We spoke to Olivia Ahmad, Curator at House of Illustration, about the ‘Quentin Blake: Inside Stories’ exhibition which is currently on show from House of Illustration at The Lightbox.
Quentin Blake is undoubtedly Britain’s best-loved illustrator. His first illustration was printed in Punch magazine in 1949 when he was still a schoolboy and since then he has written and illustrated hundreds of books, from picture books to literary classics. It is this area of his work that is explored in House of Illustration’s Quentin Blake: Inside Stories exhibition, currently on show at The Lightbox.
The archive of Blake’s original illustrations, sketches and manuscripts is held in London. It comprises thousands of pieces from a career spanning more than 60 years. Blake himself has selected artwork from the archive shelves for Inside Stories. Accompanied by his commentary, the previously unseen drawings offer a fascinating insight into Blake’s working process and the incredible versatility of his pen.
Blake’s images are so vibrant that they seem like they were done in an instant and spontaneous gesture. However, as the exhibition reveals, each of his book illustrations is the result of a careful process. When Blake sits at his desk in London he asks himself a series of questions, first of all; which moments in the story are most important? In Roald Dahl’s Matilda, there is a passage where terrifying headteacher Miss Trunchbull calls Bruce Bogtrotter onto the school stage to punish him for eating a slice of cake. We know from the text that Miss Trunchbull eventually smashes a plate on poor Bruce’s head, but Blake’s illustration shows the plate is hovering ominously above the boy, adding to the tension of the scene.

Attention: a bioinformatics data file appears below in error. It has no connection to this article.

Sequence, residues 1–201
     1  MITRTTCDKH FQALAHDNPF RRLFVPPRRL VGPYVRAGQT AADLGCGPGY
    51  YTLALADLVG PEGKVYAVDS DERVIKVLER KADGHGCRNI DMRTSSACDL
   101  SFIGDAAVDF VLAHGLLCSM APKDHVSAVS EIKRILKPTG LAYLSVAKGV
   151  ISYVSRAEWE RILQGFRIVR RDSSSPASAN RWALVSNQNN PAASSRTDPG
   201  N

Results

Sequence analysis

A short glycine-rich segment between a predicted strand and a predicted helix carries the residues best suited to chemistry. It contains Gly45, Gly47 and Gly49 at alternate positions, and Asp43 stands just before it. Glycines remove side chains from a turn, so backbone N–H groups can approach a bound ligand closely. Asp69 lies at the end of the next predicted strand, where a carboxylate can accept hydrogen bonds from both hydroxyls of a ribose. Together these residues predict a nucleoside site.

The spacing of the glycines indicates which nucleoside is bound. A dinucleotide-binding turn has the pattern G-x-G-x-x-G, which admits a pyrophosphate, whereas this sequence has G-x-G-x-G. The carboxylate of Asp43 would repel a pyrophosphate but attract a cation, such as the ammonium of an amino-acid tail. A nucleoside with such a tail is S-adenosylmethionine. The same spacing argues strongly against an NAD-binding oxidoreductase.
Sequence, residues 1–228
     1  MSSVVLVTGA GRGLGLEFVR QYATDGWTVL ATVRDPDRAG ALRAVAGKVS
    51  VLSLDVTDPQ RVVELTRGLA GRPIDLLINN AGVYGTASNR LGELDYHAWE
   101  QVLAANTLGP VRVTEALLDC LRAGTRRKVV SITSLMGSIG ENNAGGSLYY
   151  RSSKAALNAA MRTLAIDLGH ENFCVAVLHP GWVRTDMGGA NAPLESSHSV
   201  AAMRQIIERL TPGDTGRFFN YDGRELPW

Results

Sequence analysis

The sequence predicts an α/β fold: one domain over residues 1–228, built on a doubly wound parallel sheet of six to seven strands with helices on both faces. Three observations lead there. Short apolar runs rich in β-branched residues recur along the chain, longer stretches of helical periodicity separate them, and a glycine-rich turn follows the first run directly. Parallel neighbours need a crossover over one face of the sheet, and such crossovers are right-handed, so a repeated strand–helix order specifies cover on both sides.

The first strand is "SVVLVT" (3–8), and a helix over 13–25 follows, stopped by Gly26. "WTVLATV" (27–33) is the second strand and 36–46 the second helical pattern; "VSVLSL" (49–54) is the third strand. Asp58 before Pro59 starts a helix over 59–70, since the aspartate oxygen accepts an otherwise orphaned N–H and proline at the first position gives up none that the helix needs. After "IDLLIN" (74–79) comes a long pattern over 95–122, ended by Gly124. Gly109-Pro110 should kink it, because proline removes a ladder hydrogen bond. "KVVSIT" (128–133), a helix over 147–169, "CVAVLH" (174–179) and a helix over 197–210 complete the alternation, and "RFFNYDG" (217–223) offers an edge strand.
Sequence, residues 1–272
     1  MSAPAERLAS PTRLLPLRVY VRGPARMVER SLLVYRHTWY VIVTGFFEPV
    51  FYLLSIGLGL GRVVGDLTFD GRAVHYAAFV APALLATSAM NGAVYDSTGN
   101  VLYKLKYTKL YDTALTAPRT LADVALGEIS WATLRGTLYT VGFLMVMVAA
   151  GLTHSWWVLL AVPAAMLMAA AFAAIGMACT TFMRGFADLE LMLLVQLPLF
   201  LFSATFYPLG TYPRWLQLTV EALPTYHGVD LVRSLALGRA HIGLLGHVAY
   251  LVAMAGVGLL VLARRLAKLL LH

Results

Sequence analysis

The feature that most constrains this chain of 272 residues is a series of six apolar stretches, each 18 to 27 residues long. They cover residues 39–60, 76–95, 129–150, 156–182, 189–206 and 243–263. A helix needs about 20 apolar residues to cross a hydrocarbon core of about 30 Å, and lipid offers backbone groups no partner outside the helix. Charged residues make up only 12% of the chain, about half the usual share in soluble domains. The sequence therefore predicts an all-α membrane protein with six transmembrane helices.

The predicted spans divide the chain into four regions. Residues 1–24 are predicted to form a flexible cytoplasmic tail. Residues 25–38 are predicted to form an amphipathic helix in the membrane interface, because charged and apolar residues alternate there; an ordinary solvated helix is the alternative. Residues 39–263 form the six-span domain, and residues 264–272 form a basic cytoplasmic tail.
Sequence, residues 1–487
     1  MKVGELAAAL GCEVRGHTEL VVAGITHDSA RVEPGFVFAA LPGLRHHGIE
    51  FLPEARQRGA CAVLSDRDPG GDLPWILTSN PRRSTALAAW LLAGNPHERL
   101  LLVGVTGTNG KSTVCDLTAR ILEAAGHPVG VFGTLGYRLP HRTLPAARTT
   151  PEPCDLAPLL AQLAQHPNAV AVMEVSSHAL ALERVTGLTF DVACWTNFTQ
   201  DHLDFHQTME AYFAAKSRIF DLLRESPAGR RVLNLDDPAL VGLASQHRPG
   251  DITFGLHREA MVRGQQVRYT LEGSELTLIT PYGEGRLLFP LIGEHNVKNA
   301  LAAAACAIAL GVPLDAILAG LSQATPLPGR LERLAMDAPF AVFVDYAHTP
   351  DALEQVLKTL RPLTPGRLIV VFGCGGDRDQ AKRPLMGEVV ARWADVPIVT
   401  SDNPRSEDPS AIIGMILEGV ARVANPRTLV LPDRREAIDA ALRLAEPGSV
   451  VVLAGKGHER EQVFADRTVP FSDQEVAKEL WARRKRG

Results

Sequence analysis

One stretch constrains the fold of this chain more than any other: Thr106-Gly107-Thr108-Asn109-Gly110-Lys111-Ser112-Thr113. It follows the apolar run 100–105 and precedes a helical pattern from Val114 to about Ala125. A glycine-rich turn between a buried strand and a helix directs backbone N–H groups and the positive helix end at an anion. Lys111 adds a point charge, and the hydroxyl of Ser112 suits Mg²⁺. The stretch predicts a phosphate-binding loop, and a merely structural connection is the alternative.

Blake makes several pencil sketches before settling on the final composition of an illustration. He never draws from life; all his images are taken from his imagination and worked out on paper. In the exhibition, rough drawings and final illustrations from Russell Hoban’s How Tom Beat Captain Najork and His Hired Sportsmen are shown alongside each other.
Blake’s illustrations are instantly recognisable as his, almost like handwriting. However the exhibition shows illustrations from several books, and it is clear that he uses materials in very different ways to create distinct moods. Blake’s illustrations for Roald Dahl’s Danny the Champion of the World for example are done with loose ink washes and a very fine ink line; the story takes place in a rural country setting, and Blake wanted to create the sense that the drawings had been done quickly ‘on location’. His illustrations for another Dahl book The Twits, also uses ink line, but in a very different way. Blake used a square pen to give a thick ‘boxy’ line which suits the harsh character of Mr. and Mrs. Twit.
‘Quentin Blake: Inside Stories’ offers many new perspectives on the work of Britain’s most celebrated illustrator. I am looking forward to talking more about Blake’s techniques at The Lightbox on 17 November 2015.
Olivia will be joining us at The Lightbox on Tuesday 17 November at 1.00pm for a talk to explore the exhibition and give a revealing insight into Quentin Blake’s working practice. You can book a place on this fascinating talk on the link below. 'Quentin Blake: Inside Stories' is on show at The Lightbox until 17 January.
Book onto Olivia's talk 'Quentin Blake: Illustrating the books we love'
Find out more about 'Quentin Blake: Inside Stories'
Image credits: Illustrations © Quentin Blake